Maps and globes are among the most important tools that scientists have for studying the earth. In the 1500s, Gerardus Mercator created the first globes and maps. William Davis helped make geography a school subject and is a founder of geomorphology, the study of landforms. He also made important discoveries about the cycle of erosion. Many of today's discoveries come from photos taken from satellites that orbit our planet.
Explains the five main types of mountains--fold, fault-block, dome, volcanic, and plateau--and describes how they provide valuable resources for people, farming, mining, and tourism. Reading Essentials in Science.
How much of Earth's surface is covered by water? How do the northern lights get their colors? Planet Earth has been home to mankind for hundreds of thousands of years and while scientists have learned a lot about it, they're still unraveling many of its mysteries. B is for Blue Planet: An Earth Science Alphabet explains what we do know about our planet and what more we have to learn. Examine Earth's diverse ecosystems (deserts), discover geological wonders (karst caves), learn about weather phenomena (hurricanes), and much more. Ruth Strother has been in the publishing industry for more than twenty years and is the author of fifteen books for children. She also wrote Sleeping Bear's W is for Woof: A Dog Alphabet. Ruth lives in Southern California. Bob Marstall was a K-12 art teacher for many years, and today he is an award-winning children's book illustrator. He tours all over the country, lecturing in schools on the integration of art and science. Bob lives in Northampton, Massachusetts.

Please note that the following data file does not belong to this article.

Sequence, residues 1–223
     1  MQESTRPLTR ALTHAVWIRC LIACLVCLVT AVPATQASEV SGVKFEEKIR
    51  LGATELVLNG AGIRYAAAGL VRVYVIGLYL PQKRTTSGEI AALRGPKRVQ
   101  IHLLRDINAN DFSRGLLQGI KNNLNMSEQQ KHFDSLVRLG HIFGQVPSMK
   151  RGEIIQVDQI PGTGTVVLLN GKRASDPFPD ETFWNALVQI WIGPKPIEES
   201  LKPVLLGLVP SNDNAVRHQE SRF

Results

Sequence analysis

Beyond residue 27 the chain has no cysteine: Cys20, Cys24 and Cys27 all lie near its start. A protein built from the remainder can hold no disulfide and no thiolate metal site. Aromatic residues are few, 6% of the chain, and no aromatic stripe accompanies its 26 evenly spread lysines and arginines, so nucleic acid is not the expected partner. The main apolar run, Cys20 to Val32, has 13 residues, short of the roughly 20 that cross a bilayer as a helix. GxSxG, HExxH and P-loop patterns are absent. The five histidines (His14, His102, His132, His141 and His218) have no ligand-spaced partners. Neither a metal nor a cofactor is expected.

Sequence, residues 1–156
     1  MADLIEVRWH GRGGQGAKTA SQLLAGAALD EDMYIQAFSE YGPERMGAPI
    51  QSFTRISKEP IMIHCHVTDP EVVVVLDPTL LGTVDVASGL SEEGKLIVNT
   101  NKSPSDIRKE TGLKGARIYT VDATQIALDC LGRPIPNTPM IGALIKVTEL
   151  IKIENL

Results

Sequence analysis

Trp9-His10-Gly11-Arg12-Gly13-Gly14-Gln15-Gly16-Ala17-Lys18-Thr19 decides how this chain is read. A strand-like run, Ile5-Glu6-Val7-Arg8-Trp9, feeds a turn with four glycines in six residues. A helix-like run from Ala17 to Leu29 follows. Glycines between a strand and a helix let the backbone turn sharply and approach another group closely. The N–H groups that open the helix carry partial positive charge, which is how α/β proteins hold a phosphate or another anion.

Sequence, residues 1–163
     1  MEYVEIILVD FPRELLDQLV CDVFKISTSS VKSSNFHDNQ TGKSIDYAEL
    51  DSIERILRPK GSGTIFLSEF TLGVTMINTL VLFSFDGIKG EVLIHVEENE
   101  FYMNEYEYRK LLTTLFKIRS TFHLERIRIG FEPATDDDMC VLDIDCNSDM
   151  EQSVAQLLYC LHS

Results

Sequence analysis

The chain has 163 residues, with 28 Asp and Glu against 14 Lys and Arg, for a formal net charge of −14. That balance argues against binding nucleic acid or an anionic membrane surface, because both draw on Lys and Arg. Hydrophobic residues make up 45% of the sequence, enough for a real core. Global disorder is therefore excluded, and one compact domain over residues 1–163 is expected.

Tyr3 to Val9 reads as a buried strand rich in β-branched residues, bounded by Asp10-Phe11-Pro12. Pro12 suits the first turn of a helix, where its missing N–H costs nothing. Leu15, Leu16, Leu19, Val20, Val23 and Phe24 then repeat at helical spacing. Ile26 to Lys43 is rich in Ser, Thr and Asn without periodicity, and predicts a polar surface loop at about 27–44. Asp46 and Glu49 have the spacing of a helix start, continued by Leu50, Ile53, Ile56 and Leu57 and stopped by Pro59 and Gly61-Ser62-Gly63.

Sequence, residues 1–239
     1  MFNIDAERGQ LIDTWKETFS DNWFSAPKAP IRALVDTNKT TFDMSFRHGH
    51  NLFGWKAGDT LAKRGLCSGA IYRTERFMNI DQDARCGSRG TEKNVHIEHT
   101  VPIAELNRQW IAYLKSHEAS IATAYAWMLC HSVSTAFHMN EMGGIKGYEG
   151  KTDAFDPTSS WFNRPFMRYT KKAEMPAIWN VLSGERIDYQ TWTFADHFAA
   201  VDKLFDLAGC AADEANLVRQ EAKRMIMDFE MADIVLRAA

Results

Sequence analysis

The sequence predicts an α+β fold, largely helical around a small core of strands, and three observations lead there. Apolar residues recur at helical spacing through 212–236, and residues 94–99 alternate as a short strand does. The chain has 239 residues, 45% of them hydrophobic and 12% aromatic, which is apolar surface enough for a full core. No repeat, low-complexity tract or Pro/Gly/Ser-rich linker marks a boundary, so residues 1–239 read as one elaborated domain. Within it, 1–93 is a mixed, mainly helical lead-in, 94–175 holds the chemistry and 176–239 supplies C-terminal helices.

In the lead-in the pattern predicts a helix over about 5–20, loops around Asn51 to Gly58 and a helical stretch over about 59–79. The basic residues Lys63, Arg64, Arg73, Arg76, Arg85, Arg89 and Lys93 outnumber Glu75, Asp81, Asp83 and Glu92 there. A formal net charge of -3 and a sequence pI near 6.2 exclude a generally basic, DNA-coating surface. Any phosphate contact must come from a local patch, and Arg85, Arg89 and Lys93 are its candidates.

Explains what soil is made from and what it contains; describes the scientific method; and includes experiments testing different soil concepts.
What happens to trash if it is thrown into a river? Where does garbage in a lake come from, and how can it harm animals that live there? Poisoned Rivers and Lakes introduces young readers to the issues of river and lake pollution due to the dumping of garbage, chemicals, and other things into our planets waterways. It also gives students plenty of ideas for ways that they can be part of the campaign to help keep our rivers and lakes clean and safe for the future. Filled with information perfectly suited to the abilities and interests of an early-elementary audience, this colorful, fact-filled volume includes grade-appropriate activities and experiments, critical-thinking questions, and fascinating fact boxes to keep the pace lively and interactive.
This book is an overview on hurricanes, how they form, the devastation they cause, and how meteorologists track these storms with several special types of equipment. Reading Essentials in Science.
This book discusses the formation and development of tornadoes, including what scientists study about them, the destruction they cause, and the technology people use to help prepare for their wrath of destruction. Reading Essentials in Science.